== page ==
As before in many of the big arias—Tamino's "Dies Bildnis", both of Sarastro's, and Pamina's "Ach, ich fiihls"—Karajan's tempi are dangerously slow, but I would certainly not count them lethargic, when in their expressiveness they are so concentrated. That is specially true of Sarastro's arias, where Karajan's choice of soloist—a favourite singer with him, Josê van Dam—may reflect his characteristic preference for singers less weighty than are usually chosen for particular roles, but which is gloriously justified here by the sheer beauty of the legato singing. On this recording at least van Dam has no difficulty in producing healthy and satisfying low Fs, seemingly untroubled by breathing problems even at Karajan's slow tempi. Franz Crass on the Böhm set and even Ludwig Weber on the earlier Karajan are weightier but sound less spiritual as well as less beautiful.
There you might argue that Karajan is smoother than he- was, but it is not at the expense of the words, and in the rest of the cast one notes that word-pointing can even take precedence over Mozartian stylishness. For some that may be a disappointment in the relatively little known tenor chosen as Tamino, Francisco Araiza. There is a degree of coarseness, even explosiveness in his very first entry, and the tone is not always beautiful, but the heroic scale and timbre are never in doubt. In "Dies Bildnis" Dermota on the earlier Karajan set, closely followed by Wunderlich on the Böhm, set standards of their own, but the less reflective, more external trumpet tone of Araiza has its beauty too, and the great moment in the dialogue with the Speaker, "O ew'ge Nacht", inspires Araiza to a half-tone which rivals even Wunderlich's.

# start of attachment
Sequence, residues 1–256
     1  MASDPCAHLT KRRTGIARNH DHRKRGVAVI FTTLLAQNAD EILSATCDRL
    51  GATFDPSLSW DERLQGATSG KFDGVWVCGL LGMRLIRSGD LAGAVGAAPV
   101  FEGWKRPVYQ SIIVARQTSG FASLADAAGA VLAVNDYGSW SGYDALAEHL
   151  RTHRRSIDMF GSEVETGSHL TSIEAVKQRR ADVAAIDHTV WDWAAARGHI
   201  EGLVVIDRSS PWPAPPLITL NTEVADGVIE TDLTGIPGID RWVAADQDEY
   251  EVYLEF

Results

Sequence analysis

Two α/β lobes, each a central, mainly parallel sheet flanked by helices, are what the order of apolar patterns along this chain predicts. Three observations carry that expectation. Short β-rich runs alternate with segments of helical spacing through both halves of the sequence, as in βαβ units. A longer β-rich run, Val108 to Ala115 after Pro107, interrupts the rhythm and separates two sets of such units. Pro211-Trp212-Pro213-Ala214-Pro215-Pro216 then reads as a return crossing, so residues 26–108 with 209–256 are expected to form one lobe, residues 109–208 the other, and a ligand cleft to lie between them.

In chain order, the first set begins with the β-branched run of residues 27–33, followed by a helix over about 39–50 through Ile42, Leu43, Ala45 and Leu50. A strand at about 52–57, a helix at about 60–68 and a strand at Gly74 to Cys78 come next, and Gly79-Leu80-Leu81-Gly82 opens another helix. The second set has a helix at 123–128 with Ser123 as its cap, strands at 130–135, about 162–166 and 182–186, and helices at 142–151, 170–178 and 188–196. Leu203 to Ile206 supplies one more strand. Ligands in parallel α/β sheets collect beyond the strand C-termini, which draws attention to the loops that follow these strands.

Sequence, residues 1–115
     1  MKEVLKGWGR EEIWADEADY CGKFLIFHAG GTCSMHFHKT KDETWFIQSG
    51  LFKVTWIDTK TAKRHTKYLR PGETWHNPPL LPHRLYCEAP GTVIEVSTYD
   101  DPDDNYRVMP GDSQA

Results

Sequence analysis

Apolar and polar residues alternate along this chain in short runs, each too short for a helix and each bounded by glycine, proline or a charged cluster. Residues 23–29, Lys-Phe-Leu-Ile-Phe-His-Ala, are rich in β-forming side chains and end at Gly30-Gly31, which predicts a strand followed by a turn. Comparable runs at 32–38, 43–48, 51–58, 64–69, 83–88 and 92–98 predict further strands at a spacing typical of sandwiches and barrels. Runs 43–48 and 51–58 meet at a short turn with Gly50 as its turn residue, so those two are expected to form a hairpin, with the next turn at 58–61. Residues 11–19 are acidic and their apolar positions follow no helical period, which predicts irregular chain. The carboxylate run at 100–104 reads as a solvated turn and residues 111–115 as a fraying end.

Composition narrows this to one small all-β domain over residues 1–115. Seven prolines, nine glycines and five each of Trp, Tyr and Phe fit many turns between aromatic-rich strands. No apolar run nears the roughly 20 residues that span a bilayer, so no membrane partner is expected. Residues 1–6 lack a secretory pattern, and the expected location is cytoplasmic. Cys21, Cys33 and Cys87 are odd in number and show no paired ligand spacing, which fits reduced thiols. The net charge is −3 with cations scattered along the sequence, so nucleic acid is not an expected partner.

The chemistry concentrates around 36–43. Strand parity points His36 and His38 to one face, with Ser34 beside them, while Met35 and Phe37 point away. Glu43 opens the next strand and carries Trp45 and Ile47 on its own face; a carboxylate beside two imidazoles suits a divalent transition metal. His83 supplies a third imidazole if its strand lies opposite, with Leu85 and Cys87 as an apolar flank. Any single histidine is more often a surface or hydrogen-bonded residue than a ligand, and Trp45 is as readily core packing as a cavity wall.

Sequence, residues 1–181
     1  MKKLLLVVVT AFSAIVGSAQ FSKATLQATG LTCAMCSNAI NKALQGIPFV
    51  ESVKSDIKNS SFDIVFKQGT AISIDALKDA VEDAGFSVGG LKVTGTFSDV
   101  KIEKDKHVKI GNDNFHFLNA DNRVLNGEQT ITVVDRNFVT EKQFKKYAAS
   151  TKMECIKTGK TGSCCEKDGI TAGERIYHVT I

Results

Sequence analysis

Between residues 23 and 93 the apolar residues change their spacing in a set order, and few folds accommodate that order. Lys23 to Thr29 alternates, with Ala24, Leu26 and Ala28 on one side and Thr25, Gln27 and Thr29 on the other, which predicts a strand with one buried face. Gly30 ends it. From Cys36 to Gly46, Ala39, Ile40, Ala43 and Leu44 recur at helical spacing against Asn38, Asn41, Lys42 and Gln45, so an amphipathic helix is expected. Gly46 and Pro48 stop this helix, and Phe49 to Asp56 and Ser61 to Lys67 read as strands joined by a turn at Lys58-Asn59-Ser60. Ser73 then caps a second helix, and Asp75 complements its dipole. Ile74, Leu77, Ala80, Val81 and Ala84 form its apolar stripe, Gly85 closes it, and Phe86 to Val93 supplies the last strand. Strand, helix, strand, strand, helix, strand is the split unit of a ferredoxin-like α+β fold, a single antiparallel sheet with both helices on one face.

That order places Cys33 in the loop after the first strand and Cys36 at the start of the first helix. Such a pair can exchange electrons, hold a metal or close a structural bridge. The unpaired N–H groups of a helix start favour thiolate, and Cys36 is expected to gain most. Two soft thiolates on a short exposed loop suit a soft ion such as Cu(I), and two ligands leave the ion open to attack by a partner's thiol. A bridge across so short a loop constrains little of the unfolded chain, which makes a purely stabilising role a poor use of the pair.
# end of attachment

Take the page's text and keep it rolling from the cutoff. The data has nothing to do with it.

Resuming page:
Gottfried Hornik as Papageno similarly has a few moments of explosiveness, but his is in general a delightfully direct and bright reading of the role, much less smooth than Erich Kunz's very individual Viennese manner and equally contrasted with Fischer-Dieskau's rendering—in the tradition laid down in Gerhard Hiisch's glorious performance on the Beecham set—with Papageno presented in Lieder-style. Unexpectedly after Hornik's relaxed and beautifully pointed account of the Birdcatcher's Song, Fischer-Dieskau with Bohm sounds altogether too brisk.